2 Data set

2.1 The High Energy Stereoscopic System (H.E.S.S.)

H.E.S.S. is an array of five IACTs located at an altitude of 1800 m above sea level in the Khomas highland of Namibia. It detects Cherenkov light emitted by charged particles in an electromagnetic extensive air shower (EAS) initiated when a primary photon (-ray) of sufficient energy enters Earth’s atmosphere. This array consists of four smaller telescopes, built and operated in the first phase of the experiment (H.E.S.S. Phase I) and a fifth much larger telescope, which was added to the center of the array in 2012 to launch the second phase (H.E.S.S. Phase II) of the experiment.

H.E.S.S. accumulated the data presented here exclusively with the H.E.S.S. array during its first phase. These four H.E.S.S. Phase I telescopes have tessellated mirrors with a total area of 107 m and cameras consisting of 960 photomultipliers. The energy threshold of the four-telescope array is roughly 200 GeV at zenith and increases with increasing zenith angle. We can reconstruct the arrival direction and energy of the primary photon with accuracies of  and 15%, respectively. Because of its comparatively large field of view (FoV), 5° in diameter, the H.E.S.S. Phase I array is well suited for survey operations. The relative acceptance for -rays is roughly uniform for the innermost 2° of the FoV and gradually drops toward the edges to 40% of the peak value at 4° diameter (Aharonian et al. 2006b).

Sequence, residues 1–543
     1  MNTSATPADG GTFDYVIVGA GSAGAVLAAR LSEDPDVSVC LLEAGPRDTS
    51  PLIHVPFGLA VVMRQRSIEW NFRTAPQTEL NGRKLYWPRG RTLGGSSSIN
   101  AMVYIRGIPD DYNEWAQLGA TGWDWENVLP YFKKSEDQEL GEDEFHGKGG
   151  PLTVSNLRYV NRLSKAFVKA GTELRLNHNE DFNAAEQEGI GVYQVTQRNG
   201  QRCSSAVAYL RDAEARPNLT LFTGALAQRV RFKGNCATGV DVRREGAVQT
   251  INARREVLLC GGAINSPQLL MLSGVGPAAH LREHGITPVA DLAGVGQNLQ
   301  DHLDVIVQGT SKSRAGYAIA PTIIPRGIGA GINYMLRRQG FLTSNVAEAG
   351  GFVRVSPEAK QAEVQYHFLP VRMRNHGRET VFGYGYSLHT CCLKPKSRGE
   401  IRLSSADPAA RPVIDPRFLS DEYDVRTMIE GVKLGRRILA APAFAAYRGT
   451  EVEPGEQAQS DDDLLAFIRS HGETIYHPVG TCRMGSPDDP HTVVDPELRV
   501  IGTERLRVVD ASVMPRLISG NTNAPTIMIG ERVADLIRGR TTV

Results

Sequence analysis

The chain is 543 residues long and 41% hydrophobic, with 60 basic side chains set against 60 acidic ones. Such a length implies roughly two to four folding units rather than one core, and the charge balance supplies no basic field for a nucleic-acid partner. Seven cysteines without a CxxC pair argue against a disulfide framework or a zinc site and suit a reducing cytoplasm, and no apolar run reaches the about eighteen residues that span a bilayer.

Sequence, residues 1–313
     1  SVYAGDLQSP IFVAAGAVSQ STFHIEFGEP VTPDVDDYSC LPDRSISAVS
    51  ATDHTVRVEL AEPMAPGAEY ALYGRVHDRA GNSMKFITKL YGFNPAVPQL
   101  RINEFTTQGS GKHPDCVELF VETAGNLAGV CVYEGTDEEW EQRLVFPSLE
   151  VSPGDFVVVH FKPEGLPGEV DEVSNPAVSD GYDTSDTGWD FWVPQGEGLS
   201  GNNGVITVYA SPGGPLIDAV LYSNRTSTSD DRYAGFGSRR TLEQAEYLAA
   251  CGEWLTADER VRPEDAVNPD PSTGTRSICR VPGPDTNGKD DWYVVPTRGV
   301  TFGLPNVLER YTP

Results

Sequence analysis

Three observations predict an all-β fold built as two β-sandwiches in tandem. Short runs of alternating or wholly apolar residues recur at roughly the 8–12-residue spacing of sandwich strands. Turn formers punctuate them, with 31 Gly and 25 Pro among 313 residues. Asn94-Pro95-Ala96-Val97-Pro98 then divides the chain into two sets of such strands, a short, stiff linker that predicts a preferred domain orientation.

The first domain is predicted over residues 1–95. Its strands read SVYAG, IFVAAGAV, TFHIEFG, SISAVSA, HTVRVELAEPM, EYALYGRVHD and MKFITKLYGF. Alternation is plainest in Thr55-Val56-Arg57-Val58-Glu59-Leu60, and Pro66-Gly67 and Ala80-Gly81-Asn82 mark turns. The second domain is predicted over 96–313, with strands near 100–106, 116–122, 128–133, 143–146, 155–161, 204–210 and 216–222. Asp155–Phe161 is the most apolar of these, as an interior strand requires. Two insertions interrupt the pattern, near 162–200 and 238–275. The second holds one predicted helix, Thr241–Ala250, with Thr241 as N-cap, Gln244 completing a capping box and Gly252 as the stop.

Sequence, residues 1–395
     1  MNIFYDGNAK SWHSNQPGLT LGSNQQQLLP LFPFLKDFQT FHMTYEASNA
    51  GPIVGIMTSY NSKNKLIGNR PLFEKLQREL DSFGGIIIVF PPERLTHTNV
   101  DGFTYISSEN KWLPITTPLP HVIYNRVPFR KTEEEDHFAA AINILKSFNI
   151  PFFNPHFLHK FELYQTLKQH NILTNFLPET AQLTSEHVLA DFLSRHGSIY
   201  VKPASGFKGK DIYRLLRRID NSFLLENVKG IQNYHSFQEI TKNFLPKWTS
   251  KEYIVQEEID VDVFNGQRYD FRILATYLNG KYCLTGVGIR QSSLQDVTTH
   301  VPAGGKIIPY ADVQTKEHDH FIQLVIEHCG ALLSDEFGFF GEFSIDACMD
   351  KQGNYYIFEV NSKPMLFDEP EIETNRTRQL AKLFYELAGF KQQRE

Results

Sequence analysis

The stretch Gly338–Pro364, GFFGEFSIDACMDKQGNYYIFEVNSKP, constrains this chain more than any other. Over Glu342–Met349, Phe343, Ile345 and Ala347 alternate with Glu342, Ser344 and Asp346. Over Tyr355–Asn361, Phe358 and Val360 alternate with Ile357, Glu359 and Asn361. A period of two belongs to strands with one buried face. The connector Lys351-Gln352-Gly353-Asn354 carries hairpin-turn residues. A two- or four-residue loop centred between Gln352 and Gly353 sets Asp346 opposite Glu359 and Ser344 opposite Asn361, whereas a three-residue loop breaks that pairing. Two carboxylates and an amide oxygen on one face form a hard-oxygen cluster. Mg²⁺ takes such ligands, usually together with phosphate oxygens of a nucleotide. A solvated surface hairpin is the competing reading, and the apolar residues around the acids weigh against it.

2.2 Observations, quality selection, and survey region